The Hilton Hotels Corporation has recently established a closer working relationship with Ladbroke Group PLC (the parent company of Hilton International), the British company that own the rights to the Hilton name outside of the U.S. Under the terms of alliance, the Hilton Hotels Corporation and Hilton International have agreed to cooperate on sales and marketing, loyalty programs (the Hilton Honors and the Hilton Club), hotel development, and other matters to mutually benefit each company (Hilton Items, Winter 1996). The alliance provides Hilton Hotels an immediate and significantly larger presence in the global market, while giving Hilton International a major position in the U.S. lodging market.

Brand recognition

There are many frequent stay programs in the lodging market to promote brand loyalty. However, the variety of brand options confused the public. Based on our calculations, there are at least sixty brands in the U.S. market that operate as chain operations. A smart hotel company must be able to define its position in the marketplace and focus on the target group or target area.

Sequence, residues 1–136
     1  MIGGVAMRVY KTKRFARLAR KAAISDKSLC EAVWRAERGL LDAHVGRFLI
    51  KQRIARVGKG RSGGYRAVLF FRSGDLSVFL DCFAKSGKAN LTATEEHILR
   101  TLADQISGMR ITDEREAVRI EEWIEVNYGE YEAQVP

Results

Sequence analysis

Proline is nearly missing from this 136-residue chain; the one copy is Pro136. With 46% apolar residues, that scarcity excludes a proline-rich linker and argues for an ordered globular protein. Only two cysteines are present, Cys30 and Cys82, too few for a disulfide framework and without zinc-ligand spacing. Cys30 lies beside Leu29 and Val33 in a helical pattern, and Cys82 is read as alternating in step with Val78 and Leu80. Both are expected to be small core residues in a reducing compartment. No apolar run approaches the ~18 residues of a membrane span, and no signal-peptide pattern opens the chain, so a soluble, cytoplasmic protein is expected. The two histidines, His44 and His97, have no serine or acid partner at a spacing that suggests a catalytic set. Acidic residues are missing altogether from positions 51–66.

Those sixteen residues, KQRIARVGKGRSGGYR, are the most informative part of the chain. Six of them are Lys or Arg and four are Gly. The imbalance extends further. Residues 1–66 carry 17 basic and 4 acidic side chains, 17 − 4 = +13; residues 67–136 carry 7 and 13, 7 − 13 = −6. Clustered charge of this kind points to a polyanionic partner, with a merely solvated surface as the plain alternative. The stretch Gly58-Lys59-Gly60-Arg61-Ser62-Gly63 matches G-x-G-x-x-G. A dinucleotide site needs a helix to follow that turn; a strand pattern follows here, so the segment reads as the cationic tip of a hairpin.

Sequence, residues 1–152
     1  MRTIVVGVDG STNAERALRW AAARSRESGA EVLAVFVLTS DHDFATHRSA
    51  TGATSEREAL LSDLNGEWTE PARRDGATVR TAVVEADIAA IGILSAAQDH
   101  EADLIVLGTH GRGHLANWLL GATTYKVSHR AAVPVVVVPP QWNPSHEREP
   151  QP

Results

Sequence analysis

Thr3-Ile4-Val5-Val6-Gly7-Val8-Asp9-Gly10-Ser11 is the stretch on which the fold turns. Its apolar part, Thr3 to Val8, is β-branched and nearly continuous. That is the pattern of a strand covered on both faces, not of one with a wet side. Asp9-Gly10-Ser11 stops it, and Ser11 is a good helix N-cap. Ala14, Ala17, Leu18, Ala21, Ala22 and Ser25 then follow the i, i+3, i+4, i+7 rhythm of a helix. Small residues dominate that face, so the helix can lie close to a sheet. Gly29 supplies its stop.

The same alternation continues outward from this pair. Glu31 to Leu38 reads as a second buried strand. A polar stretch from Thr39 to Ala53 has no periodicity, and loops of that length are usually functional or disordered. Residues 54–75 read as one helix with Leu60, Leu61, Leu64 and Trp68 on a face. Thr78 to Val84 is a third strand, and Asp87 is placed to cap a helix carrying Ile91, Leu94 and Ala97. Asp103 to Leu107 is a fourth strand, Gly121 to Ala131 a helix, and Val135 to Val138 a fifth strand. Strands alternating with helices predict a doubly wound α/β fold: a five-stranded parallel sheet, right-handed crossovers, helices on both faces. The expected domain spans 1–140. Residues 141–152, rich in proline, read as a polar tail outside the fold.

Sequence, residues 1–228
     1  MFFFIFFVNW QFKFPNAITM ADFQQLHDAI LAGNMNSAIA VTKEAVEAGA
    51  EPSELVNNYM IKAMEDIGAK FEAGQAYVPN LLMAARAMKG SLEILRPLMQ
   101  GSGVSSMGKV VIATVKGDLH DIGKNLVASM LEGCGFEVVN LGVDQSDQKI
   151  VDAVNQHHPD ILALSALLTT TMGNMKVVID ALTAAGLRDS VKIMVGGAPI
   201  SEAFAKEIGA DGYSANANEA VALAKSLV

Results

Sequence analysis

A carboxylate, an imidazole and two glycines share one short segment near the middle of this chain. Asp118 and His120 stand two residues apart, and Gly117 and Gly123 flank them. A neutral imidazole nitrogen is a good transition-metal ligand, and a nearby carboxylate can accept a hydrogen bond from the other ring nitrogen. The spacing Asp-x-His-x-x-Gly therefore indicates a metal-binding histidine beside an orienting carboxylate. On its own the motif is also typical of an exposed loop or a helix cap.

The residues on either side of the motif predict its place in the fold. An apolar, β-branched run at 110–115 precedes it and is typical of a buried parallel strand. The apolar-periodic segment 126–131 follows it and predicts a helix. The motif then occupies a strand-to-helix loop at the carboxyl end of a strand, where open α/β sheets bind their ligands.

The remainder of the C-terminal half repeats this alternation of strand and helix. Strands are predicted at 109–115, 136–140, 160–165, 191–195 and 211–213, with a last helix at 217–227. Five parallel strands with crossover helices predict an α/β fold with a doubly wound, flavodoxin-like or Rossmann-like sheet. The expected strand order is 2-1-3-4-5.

SUMMARY

Although the U.S. economy is stable, the competition in the marketplace is still very tense. In order to survive in the marketplace, a lodging operator must be able to manage the following characteristics:
 

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REFERENCES

Ader, Jason N. & LaFleur, Robert (1997). U.S. Lodging Almanac. New York: Bear Stearn.

Arthur Andersen Consulting & New York University. (1996). Hospitality 2000-A View to the Next Millennium Survey. New York, Arthur Andersen.

Chon, K.S. & Singh, Amrik (1993). Current Economic Issues Facing the U.S. Lodging Industry. International Journal of Contemporary Hospitality Management, 5, p.3-9.

Cline, Roger S. (1996, August). A View to the Millennium. Lodging Hospitality, 52, p.23

Coopers & Lybrands. (1995, April). Industry Fundamentals Suggest Strong Long Term Growth. Hospitality Directions. P.4-8.